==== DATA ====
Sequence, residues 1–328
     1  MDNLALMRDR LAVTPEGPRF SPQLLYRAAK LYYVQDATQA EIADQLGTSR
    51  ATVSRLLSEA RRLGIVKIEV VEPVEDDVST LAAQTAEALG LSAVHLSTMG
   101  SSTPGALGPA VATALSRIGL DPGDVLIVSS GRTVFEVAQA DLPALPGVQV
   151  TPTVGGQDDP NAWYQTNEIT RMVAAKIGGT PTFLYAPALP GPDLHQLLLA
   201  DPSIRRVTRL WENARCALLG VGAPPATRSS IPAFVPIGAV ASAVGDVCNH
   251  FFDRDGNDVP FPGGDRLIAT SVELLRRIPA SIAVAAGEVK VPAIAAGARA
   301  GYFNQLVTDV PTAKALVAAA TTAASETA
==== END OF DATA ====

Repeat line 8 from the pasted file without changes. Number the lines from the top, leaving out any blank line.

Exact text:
   301  GYFNQLVTDV PTAKALVAAA TTAASETA